V2: A novel of World War II
“with its attention to detail and swift narrative, fans of Mr. Harris’ previous historical novels will not be disappointed with this work that really captures the feeling of those last desperate months of World War II.”
Robert Harris’ new novel is another page-turner, this time focused on the last days of World War II and the world’s first ballistic missile, the German V-2. The book is a back and forth tale of the contest between German missile crews bombarding London with the world’s first weapon of mass destruction and the British team trying desperately trying to defeat them.
Mr. Harris is a master of technical and historical detail, as evidenced by his extensive bibliography, and takes the reader effortlessly through several back stories throughout the book that add to the development of the two main characters, a German rocket engineer suddenly having a crisis of conscience and survival, and a British Women’s Auxiliary Air Force officer who is helping the team working to find and attack the German launch sites in occupied Holland.
Conceived and built by a group of naïve German rocket scientists who wanted to invent space travel, the V-2 was one of Hitler’s wonder weapons that would save a rapidly failing Third Reich. Although it in fact had no long-term effect on the war’s outcome, it was the grandfather of all modern ballistic missiles and struck terror in Londoners throughout the last months of the war.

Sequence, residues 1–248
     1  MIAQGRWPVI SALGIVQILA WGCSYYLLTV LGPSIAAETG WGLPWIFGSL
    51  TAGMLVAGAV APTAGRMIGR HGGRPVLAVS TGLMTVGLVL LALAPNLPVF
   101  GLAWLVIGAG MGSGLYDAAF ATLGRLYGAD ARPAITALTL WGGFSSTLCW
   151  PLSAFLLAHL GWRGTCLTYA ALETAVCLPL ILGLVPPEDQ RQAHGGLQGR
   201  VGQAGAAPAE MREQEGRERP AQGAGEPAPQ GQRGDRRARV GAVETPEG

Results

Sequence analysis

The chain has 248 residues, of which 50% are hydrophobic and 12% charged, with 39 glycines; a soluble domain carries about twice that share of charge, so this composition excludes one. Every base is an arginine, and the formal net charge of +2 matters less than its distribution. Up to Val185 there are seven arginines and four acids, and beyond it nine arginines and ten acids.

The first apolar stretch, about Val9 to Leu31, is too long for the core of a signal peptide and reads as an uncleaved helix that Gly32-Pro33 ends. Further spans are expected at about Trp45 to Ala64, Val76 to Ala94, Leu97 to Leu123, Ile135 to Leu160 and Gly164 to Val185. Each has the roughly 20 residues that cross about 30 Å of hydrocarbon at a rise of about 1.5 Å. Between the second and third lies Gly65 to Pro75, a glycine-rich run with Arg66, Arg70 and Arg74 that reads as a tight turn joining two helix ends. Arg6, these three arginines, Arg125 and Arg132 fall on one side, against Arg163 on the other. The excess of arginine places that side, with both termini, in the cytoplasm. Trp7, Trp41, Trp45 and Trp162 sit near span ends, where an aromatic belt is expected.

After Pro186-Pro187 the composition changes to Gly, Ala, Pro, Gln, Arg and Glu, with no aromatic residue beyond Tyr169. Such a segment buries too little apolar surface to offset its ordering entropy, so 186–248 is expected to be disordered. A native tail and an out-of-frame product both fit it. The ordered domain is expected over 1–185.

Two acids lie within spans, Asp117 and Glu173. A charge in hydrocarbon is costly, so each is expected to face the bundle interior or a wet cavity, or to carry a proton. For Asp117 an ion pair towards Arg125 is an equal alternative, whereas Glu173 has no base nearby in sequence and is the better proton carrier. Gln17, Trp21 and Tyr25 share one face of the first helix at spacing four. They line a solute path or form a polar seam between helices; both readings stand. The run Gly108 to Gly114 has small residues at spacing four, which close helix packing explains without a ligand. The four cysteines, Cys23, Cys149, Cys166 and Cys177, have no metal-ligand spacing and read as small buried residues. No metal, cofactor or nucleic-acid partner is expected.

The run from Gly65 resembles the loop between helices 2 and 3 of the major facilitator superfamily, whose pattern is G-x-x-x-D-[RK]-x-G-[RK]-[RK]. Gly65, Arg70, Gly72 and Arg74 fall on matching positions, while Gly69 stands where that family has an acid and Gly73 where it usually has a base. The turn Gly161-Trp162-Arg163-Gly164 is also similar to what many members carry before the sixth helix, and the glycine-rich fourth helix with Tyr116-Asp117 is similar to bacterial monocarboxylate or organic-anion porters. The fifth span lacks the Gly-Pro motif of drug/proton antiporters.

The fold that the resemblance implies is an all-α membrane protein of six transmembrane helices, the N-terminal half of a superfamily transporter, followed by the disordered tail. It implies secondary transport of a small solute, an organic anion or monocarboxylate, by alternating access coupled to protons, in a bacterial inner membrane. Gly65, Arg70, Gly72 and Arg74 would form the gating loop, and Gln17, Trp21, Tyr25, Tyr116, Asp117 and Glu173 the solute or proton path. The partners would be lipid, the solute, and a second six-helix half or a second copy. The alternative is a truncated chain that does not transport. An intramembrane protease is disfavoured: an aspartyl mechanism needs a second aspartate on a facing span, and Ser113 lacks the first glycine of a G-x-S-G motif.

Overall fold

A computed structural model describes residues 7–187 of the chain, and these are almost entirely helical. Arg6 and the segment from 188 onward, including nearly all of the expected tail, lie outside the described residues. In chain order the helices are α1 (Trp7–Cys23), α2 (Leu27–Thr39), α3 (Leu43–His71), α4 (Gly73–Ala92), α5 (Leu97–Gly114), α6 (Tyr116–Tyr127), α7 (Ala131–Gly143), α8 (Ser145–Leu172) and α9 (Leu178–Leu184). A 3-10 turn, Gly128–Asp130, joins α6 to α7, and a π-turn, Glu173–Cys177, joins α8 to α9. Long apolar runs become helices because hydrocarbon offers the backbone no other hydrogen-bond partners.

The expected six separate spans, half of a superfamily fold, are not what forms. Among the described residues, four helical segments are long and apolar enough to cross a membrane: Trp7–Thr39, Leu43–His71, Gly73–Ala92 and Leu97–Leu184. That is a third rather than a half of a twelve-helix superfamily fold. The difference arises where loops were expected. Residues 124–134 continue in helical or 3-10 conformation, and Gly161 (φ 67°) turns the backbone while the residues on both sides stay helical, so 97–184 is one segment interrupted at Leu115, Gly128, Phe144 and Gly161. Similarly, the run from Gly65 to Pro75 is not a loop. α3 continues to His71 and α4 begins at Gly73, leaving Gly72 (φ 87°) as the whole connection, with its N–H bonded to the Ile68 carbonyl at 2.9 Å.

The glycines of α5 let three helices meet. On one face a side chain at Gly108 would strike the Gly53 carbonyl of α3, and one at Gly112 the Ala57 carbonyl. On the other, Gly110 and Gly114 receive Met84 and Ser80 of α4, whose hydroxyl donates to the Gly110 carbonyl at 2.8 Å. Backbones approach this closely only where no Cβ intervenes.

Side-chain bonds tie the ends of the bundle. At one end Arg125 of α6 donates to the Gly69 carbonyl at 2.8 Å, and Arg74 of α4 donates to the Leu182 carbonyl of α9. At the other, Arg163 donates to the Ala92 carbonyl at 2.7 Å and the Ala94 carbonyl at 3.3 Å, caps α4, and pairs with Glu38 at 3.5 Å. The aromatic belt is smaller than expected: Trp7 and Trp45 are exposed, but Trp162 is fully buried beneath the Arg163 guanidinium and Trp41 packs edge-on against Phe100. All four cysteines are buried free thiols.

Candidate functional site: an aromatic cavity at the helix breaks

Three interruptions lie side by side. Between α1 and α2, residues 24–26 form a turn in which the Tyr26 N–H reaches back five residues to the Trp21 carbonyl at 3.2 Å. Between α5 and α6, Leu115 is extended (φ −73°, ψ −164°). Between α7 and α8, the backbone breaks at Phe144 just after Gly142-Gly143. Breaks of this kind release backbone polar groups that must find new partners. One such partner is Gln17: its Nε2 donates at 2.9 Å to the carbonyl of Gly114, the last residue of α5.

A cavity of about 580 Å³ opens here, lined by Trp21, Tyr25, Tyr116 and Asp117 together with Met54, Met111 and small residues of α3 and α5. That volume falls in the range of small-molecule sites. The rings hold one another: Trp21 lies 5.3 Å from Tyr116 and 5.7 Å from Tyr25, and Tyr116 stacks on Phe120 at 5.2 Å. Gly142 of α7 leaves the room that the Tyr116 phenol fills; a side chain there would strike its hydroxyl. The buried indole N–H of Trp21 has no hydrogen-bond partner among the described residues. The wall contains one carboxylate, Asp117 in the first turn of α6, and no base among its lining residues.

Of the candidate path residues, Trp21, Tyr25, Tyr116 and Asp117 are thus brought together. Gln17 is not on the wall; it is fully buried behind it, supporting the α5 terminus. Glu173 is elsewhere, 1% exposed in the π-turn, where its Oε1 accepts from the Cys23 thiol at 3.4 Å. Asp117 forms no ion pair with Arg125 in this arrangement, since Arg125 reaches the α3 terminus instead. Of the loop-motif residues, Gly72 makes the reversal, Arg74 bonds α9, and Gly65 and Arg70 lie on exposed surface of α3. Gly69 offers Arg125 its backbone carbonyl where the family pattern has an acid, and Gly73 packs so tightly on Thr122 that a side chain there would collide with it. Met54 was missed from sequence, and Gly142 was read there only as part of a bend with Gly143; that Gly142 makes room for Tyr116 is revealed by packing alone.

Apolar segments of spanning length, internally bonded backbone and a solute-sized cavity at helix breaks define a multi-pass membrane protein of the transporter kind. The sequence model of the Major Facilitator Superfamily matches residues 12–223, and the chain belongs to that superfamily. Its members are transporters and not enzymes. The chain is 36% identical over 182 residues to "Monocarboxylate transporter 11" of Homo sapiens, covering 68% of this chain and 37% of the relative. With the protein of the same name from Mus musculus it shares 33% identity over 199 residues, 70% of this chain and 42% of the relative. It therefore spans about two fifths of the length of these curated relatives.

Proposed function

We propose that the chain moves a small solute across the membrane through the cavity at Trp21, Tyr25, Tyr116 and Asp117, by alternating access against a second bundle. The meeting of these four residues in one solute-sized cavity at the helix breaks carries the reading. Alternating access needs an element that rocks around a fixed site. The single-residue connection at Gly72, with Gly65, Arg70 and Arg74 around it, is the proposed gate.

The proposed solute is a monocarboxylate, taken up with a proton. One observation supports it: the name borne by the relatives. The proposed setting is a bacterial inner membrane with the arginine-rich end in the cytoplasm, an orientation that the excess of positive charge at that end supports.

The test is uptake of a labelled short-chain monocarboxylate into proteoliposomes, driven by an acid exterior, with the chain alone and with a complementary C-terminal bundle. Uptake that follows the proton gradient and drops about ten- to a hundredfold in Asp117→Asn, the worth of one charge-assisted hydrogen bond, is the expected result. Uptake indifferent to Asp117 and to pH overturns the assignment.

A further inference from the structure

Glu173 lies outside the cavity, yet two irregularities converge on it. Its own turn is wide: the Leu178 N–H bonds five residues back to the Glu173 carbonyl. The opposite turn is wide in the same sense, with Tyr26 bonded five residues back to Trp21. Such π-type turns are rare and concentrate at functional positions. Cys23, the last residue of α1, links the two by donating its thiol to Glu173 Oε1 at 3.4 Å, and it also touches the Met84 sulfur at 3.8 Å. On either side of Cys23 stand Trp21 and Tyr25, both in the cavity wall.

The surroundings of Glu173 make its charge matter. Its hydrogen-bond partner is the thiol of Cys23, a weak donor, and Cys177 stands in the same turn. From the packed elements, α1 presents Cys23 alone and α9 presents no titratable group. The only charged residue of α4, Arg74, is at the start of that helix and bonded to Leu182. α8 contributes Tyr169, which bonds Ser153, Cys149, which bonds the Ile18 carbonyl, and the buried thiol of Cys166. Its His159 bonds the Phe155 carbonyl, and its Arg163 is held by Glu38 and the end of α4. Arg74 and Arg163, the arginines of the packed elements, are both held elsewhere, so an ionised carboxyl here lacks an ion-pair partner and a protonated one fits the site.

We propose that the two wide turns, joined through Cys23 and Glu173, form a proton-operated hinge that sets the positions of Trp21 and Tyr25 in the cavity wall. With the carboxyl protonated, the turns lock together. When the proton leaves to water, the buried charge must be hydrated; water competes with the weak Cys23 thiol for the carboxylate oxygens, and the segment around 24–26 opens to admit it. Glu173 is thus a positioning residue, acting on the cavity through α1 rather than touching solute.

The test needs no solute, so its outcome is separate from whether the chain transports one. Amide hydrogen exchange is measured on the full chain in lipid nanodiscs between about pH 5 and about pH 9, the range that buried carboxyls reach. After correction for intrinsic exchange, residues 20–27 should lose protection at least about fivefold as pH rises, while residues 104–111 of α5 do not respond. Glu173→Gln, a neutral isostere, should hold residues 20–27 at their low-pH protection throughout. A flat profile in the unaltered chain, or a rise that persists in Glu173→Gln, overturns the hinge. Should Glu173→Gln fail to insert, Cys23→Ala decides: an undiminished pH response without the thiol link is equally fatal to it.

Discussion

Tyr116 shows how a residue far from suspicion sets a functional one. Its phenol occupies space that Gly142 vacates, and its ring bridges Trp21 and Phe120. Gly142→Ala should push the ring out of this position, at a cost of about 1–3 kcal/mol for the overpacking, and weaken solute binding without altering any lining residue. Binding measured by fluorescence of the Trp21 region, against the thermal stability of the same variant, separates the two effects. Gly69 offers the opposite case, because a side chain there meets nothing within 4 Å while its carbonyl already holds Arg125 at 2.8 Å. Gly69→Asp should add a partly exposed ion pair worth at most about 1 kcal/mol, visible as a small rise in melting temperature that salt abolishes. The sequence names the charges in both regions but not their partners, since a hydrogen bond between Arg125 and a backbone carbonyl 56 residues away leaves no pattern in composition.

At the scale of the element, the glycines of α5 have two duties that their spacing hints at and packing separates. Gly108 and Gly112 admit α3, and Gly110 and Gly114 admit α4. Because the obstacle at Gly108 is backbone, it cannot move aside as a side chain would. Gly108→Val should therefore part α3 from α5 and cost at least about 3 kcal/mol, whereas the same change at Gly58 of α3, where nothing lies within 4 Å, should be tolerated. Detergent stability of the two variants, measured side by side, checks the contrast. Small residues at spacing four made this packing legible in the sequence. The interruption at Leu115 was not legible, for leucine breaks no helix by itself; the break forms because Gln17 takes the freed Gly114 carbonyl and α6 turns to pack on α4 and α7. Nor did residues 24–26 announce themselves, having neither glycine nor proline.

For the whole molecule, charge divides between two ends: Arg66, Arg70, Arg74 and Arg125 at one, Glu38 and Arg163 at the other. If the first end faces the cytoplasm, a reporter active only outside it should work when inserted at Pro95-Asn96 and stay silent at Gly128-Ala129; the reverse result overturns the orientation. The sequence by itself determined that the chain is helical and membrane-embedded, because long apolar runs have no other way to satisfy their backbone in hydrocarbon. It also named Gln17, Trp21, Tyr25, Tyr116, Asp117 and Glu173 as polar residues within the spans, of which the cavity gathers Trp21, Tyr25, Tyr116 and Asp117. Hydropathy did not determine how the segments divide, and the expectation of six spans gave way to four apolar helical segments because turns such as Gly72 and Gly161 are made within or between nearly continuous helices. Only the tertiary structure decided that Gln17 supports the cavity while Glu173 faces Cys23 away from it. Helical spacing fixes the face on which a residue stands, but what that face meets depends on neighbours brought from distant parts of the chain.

The mood and setting of the time are also excellently capture by the author, from the tension of Londoners digging through the rubble of an attack while wondering where the next missile will strike to the live for today mentality of the German rocket troops who secretly know they are losing the war.
The plot moves at a brisk pace, with the accelerating race between the mortal combatants. When the heroine, Kay Caton-Walsh is offered the opportunity to take a more central role in the war, she swiftly takes it, moving close to the Allied front in Belgium to try and help determine where the missiles are being launched from. The German scientist, Rudi Graf, is trapped between carrying out the seemingly futile missile attacks while trying to avoid arrest by an increasingly suspicious Gestapo. There are some additional secondary plots weaved into the book, all of which get resolved quickly in the final few chapters.
While the plot heads to a seeming crescendo, it almost seems like the author pulls his final punches and rather quickly heads into the somewhat anti-climactic post-script. There are several interesting side stories teased along about the eventual fate of the German rocket scientists as America and Russia rush to secure the remaining V-2s and all the associated plans and materials, including the scientists, but the remainder of the book doesn’t have a definitive conclusion.
Overall, with its attention to detail and swift narrative, fans of Mr. Harris’ previous historical novels will not be disappointed with this work that really captures the feeling of those last desperate months of World War II.